After an intense virtual national executive committee (NEC) meeting of the ANC that lasted two days, it was agreed the ruling party’s embattled secretary-general, Ace Magashule, must explain himself to the integrity commission.
This eyebrow-raising decision was announced by party leader Cyril Ramaphosa while delivering his closing address of the meeting on Tuesday afternoon.
On November 13, Magashule appeared before the Bloemfontein Magistrate’s Court charged for allegedly playing a corrupt hand in the R255 million asbestos project which happened while he was the premier of the Free State.
He is currently out on R200 000 bail pending the resumption of the case in February, when he will appear with the likes of Edwin Sodi.
In his preamble announcing the party’s move against Magashule, Ramaphosa said the ruling party’s stance on corruption and on members accused of corruption has not changed.
This was in reference to the fact that they went to the highly charged meeting with expectations that they would have to drop a demand (as advised by some legal experts) that members accused of corruption should step aside even before they are found guilty.
Instead, Ramaphosa stressed that there would be “no retreat” from their 54th national conference and August resolutions that members accused of wrongdoing must step aside. However, he added that party officials are still trying to finalise guidelines on how this would be implemented.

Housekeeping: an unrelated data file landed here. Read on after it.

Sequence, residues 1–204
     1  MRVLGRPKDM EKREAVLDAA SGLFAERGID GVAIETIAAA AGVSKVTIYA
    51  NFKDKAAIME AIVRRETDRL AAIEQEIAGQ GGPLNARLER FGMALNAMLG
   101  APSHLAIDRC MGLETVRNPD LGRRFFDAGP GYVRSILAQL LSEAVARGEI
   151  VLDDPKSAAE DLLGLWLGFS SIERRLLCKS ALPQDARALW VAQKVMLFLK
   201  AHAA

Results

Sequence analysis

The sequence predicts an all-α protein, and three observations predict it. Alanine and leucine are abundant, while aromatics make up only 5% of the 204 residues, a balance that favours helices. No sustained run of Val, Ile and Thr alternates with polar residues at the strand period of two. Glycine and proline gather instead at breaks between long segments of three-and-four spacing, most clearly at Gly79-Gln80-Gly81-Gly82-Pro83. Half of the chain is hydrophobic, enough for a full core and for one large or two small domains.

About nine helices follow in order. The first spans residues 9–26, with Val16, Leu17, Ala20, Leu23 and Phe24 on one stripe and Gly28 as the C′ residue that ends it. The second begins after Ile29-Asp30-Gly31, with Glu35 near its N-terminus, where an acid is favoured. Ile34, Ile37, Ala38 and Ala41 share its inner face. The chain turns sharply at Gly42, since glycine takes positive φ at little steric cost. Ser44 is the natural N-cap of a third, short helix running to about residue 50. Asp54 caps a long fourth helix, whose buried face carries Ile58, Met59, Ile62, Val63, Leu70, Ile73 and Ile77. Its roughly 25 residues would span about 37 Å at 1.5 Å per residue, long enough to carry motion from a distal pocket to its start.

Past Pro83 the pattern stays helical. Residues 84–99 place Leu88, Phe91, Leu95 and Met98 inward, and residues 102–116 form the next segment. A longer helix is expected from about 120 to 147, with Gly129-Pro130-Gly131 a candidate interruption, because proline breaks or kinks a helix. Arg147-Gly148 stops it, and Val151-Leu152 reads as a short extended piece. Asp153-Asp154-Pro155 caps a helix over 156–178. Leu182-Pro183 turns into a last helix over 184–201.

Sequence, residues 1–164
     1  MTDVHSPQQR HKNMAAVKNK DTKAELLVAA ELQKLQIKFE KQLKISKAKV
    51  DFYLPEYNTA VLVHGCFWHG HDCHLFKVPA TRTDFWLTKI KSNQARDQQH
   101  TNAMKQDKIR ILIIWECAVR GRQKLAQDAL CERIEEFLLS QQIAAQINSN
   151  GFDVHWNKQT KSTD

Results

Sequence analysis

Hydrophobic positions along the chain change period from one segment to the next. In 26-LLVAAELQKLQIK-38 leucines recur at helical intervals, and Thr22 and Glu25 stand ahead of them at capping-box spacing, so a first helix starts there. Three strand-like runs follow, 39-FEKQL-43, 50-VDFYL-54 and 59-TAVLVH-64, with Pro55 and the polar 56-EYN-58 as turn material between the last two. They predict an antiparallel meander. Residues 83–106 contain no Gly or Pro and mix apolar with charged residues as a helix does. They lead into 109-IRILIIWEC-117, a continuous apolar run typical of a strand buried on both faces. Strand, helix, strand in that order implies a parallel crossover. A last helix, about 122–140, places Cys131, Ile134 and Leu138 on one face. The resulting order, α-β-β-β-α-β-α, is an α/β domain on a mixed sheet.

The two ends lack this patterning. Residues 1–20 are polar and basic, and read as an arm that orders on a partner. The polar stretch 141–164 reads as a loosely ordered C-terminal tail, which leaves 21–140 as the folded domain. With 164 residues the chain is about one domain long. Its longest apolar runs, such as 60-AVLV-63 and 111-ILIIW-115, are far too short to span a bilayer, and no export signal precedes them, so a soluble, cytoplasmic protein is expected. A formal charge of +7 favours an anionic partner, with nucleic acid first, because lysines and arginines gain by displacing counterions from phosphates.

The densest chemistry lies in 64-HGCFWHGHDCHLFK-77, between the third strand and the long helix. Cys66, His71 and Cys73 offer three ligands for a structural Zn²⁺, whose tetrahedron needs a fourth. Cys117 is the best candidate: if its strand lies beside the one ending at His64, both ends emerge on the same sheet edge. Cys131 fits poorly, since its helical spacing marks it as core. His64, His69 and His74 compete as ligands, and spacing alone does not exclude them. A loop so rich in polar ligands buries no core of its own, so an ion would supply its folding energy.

He then announced that the NEC meeting welcomed an undertaking by Magashule to go to the integrity commission, chaired by party veteran George Mashamba, and present his case.
“It is in this regard that we welcome our secretary-general’s decision to present himself to the integrity commission on the 12th of December 2020.
’’The officials (top six) will process the outcomes of that engagement and the determination by the integrity commission and report to the NWC (national working committee) and as well as the NEC within the broad context of the guidelines that needs to be put together,” he announced, while a stony-faced Magashule watched from the sidelines, sometimes nodding incoherently.
While this could be seen as a victory for Ramaphosa’s faction, which went to the meeting convinced it would be able to force Magashule to step aside and eventually out, it could be seen as a minor victory for the secretary-general as he was not totally pushed out pending his meeting with the commission.